Wholegrain cereal such as shredded wheat, bran flakes, Special K or Weetabix).

Wholemeal/seeded toast with one of the following:

o   Peanut butter

o   Marmite

o   2 poached or scrambled eggs

o   ½ tin of baked beans

 Also include a piece of fruit or 150ml of fruit juice for extra vitamin C and a calcium rich food (e.g. low fat yoghurt, glass of milk, etc.)


lunch:

Jacket potato, baked beans, cheese, salad

Sandwich with various fillings:

o   Tuna and cucumber/sweetcorn/green pepper.

o   Chicken/turkey, lettuce and tomato.

o   Smoked salmon, low fat cream cheese and cucumber.

o   Egg and cress.

o   Hummous and red pepper.

o   Peanut butter and banans

Tinned sardines on wholemeal toast.

Lentil and vegetable soup.

Omelette – add vegetables for a vitamin and fibre boost.

Also serve with a piece of fruit and a calcium rich food as before.


dinner:

Bean chilli or stew served with brown rice/couscous and vegetables.

Spaghetti Bolognese – made with lean beef mince and served with whole-wheat pasta and salad.

Serving of meat/fish/tofu with boiled new potatoes (skins on) and vegetables.

Try to ensure that main meals contain a balance of carbohydrates, protein and vegetables.


snacks:

A handful of mixed nuts and dried fruit.

Low fat Greek yoghurt with fresh fruit.

Carrot/cucumber/pepper sticks with hummous.

Small wholemeal pitta bread with hummous or tahini (sesame seed dip).

Sliced apple with 1 teaspoon of peanut butter.

Oatcakes with low fat cream cheese.

30g piece of cheese and a handful of cherry tomatoes.

Plain popcorn – add a sprinkle or chilli powder or cinnamon for extra flavour.

Glass of milk (or dairy free alternative).

For a sweet treat, try homemade frozen yoghurt - mix together low fat Greek yoghurt with mashed banana and chopped mixed berries. Freeze until solid, stirring occasionally.


Join us for part two (published 19th nov 2018), when we discuss teenagers and caffeine, sleep, memory and stress.

And sign up below for a live teenage diet Q & A with Abby, and Organic Cookery School founder, Lucy, on 25th November 2018 (limited places)


Storytime Chefs: Space themed storybooks and recipes for the Summer break

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It's July (just!) and time for this month's Storytime Chef post. This month, we are embracing the them of SPACE, because what child doesn't love recipes (and stories) featuring rockets, space travel, aliens and intergalactic travel?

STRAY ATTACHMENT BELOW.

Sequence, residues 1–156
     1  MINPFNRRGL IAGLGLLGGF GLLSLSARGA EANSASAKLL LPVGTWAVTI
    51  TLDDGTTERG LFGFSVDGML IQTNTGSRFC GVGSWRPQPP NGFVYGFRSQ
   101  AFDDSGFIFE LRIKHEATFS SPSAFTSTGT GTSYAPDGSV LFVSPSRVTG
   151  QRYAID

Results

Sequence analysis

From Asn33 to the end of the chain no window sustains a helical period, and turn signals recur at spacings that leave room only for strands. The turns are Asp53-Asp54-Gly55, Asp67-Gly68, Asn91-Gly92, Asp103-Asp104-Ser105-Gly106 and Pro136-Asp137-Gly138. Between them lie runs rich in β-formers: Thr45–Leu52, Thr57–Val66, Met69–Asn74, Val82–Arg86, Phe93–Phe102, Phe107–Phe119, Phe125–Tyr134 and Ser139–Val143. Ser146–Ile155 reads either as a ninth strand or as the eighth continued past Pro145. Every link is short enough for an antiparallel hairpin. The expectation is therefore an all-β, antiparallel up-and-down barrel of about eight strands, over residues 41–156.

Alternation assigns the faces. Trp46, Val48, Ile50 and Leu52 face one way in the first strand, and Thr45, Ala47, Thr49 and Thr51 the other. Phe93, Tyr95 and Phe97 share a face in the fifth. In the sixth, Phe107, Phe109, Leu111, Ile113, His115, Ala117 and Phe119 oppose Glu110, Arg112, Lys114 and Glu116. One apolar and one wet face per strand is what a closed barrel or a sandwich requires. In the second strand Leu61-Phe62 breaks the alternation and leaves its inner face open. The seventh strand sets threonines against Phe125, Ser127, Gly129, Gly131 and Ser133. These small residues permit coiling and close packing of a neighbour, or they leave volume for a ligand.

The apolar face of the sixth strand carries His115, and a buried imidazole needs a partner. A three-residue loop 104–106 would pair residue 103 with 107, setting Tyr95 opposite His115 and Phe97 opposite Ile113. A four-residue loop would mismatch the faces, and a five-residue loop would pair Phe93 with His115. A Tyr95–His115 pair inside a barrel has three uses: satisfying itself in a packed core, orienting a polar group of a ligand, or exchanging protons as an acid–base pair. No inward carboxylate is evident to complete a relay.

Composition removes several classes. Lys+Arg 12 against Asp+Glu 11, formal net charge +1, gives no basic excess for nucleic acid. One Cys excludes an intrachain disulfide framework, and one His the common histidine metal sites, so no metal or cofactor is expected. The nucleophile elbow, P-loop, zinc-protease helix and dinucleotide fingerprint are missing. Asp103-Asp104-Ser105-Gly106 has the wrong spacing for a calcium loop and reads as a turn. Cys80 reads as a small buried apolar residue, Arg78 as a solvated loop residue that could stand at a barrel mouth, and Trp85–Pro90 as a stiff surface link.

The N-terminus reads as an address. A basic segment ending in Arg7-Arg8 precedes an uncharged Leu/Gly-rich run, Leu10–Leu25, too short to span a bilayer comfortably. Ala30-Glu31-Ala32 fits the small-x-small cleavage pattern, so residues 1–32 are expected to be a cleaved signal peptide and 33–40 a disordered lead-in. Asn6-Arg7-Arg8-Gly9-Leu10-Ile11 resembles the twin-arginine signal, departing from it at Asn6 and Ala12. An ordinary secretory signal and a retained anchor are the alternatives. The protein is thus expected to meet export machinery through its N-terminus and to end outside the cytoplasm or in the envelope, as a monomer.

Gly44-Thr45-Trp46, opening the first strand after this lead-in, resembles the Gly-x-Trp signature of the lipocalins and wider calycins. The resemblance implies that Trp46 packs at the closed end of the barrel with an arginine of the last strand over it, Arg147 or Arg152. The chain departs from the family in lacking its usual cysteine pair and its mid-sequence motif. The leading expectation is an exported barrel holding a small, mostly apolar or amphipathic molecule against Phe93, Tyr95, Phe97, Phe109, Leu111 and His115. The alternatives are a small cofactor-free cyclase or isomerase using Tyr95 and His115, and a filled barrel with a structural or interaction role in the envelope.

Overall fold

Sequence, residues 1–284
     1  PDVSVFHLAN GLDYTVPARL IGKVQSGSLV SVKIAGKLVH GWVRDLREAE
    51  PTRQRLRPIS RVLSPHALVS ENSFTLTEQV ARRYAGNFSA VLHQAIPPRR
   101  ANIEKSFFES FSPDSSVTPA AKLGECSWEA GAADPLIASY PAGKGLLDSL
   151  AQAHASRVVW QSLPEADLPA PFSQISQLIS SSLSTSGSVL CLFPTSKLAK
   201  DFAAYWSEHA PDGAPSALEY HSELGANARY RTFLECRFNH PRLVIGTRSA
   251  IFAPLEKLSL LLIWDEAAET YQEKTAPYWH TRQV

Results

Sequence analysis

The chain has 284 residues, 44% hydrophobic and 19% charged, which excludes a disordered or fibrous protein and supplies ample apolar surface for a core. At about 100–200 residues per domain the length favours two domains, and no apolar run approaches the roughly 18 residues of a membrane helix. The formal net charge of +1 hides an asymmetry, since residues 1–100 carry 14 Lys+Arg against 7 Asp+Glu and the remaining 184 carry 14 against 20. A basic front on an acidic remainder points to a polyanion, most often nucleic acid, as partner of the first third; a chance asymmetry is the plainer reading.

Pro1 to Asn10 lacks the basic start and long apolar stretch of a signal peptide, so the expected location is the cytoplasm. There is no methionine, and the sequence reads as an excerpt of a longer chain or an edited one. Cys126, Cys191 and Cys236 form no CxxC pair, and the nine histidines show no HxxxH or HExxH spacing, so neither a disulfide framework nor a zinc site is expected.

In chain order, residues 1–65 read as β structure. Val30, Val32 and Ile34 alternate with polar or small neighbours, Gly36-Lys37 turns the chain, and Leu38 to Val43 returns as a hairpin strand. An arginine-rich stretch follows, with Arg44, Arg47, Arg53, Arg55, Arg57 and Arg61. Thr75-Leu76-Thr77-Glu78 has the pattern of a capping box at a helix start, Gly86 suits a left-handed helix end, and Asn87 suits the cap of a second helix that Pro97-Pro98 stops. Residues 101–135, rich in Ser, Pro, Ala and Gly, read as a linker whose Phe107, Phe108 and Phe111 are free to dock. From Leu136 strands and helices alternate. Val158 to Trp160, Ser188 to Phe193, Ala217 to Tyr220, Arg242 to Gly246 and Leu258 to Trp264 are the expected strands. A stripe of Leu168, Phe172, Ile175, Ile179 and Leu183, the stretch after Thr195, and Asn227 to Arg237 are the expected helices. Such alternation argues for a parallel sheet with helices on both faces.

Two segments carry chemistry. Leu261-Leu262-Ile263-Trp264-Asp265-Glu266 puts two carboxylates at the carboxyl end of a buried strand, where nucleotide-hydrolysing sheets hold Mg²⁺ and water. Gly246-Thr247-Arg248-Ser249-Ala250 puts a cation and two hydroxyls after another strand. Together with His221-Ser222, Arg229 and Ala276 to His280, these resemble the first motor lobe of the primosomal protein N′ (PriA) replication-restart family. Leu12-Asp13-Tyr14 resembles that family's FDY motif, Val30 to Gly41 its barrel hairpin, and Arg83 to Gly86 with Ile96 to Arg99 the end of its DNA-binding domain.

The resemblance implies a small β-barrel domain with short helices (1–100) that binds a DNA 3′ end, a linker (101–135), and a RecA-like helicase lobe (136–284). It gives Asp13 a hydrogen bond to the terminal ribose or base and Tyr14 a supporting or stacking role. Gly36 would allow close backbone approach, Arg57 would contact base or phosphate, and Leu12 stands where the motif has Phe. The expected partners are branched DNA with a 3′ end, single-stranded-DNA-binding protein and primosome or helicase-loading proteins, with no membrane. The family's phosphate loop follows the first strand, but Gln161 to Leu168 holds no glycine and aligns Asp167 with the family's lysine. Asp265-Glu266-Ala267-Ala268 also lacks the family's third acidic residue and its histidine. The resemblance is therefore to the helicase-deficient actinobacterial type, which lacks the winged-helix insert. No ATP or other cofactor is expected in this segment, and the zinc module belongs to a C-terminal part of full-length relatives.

For those of you who are new to Storytime Chefs, welcome to our virtual reading and cookery club for families with children aged 2-10 years.

COMPETITION TIME:

We are celebrating our second month of book and cookery activities with a (UK) give away of a personalised copy of The Incredible Intergalactic Journey Home (with your child's name) by Wonderbly

Just comment and share this post on Facebook, or tag us on Instagram with your space inspired baking (#organiccookeryschool #storytimechefs). See bottom of post for full terms an

 

The best children's books about Space

Do your kids love the topic of Space? This year both my Reception aged daughter (aged 5) and my 12 year old studied space and the solar system at school. It was great to hear them comparing facts, and I think Emily was a little jealous of how much art and craft her little sister got to do during their studies.

Emily loves to read with her little sister, so we dug out some of our favourite Key Stage 1 story and poetry books with a space theme. The following are all fiction, as it's pretty easy to find non-fiction children's books about space.

We also dusted out some quick recipes/food activities The Organic Cookery School had put together for a month of Rocket Science themed cookery activities at the Royal Horticultural Society’s gardens at Wisley.

Note: As we didn’t have access to any ovens at Wisley, they were all on a no cook / assembling /decorating vibe, but still fun to recreate when the kids have friends over for a playdate.